Minority Landowner Highlights Conservation Partnership

The Southern Research Station reaches out to private landowners as an important and connected group of stakeholders whose decisions affect forests, the economy, the land base, wildlife, water, and other benefits for humans and the natural world. Recently Minority Landowner reprinted Involving Private Landowners in Reforesting the Lower Mississippi Alluvial Valley. This article focuses on the connections among the Center for Bottomland Hardwoods Research, GreenTrees, and private landowners, as well as other collaborators. We welcomed this opportunity to inform readers of Minority Landowner about opportunities to improve their forest land while generating additional income.

In the forest ownership dynamics section of the Southern Forest Futures Project, Forest Service scientists Brett Butler and David Wear report that private landowners own 86 percent of forest area in the Southern United States. Families or individuals hold two-thirds of southern private forest land. Fifty-nine percent of private forest owners hold fewer than 9 acres, but 60 percent of privately owned forests are in holdings of 100 acres or more. The average size of family forest holdings is 29 acres. Ongoing parcelization and fragmentation through estate dispersal and urbanization will continue to alter forest management in the South. Butler leads the National Woodland Owner Survey and provides the following information:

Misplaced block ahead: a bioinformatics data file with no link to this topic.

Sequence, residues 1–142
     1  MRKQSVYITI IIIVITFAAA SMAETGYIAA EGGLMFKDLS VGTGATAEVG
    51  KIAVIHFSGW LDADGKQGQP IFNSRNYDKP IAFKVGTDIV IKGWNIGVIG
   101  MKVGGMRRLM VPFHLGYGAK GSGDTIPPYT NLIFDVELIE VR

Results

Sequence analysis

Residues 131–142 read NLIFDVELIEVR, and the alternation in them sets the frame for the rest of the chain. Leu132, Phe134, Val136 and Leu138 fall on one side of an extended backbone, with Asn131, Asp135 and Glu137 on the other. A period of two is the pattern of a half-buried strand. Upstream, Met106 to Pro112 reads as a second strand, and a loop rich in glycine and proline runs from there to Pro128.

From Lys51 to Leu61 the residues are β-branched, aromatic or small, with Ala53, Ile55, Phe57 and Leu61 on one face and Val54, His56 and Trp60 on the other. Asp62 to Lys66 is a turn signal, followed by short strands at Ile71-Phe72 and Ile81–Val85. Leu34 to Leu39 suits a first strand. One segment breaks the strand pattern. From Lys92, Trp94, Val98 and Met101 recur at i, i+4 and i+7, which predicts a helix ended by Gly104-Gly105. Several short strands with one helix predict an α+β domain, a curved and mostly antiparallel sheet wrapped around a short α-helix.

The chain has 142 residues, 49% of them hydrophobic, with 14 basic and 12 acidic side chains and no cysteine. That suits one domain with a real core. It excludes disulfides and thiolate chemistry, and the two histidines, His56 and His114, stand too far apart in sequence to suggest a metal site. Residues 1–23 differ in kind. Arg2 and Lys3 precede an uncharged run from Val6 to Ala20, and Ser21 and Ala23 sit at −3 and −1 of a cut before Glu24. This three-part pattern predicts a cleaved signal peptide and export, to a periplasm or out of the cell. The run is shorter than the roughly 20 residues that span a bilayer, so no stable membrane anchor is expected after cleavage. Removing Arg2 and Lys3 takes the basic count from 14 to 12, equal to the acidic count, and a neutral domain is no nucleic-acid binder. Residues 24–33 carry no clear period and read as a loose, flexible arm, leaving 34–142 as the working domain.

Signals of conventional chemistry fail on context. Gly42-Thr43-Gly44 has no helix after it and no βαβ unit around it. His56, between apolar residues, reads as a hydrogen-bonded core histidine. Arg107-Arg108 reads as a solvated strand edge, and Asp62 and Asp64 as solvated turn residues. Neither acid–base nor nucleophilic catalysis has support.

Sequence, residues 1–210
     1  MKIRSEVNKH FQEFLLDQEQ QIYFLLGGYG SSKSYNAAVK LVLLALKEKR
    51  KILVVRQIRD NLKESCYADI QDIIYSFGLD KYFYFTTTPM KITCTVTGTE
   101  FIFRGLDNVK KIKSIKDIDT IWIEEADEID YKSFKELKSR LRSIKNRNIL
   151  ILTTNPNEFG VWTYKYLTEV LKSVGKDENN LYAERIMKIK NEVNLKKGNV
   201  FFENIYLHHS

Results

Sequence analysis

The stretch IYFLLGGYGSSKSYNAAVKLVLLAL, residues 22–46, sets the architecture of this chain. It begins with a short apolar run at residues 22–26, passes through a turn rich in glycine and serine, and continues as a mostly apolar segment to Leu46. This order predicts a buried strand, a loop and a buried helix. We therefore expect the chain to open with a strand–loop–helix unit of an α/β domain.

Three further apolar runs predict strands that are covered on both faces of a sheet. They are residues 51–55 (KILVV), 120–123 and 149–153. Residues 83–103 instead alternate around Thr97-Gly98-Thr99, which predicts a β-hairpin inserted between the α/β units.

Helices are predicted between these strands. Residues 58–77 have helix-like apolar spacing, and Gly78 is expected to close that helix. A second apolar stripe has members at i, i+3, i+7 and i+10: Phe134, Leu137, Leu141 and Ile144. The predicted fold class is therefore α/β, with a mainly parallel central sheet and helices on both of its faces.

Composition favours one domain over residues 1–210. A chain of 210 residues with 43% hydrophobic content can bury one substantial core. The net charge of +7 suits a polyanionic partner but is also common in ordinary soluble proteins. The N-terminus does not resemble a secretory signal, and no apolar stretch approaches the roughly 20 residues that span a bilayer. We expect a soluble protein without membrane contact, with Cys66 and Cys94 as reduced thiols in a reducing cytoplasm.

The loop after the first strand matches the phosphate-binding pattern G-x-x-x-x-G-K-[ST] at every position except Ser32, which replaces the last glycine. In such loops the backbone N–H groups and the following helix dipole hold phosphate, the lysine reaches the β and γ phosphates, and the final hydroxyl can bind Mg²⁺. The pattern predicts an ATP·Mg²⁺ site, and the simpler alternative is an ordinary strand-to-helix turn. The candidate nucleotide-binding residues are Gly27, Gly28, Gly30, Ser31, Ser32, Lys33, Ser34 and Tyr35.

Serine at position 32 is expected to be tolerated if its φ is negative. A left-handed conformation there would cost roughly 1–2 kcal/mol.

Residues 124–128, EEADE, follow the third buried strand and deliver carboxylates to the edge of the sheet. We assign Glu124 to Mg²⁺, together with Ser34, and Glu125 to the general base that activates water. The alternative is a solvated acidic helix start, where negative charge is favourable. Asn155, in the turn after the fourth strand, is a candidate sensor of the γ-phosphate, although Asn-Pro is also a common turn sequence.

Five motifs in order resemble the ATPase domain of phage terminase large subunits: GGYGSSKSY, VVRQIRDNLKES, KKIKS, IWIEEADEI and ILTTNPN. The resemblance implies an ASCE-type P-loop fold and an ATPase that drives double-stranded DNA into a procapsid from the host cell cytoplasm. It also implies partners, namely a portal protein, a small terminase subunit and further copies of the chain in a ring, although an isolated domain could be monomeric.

• There are an estimated 4.3 million family forest ownerships across the Southern U.S. 
  • Of the total numbers of family forest ownerships across the South, the primary decision maker for an estimated 7 percent self-reports as being American Indian, Alaska Native, Asian, Black or African American, Native Hawaiian or other Pacific Islander, or two or more races. 

Of the total numbers of family forest ownerships across the South, the primary decision maker for an estimated 1 percent self-reports as being Hispanic or Latino.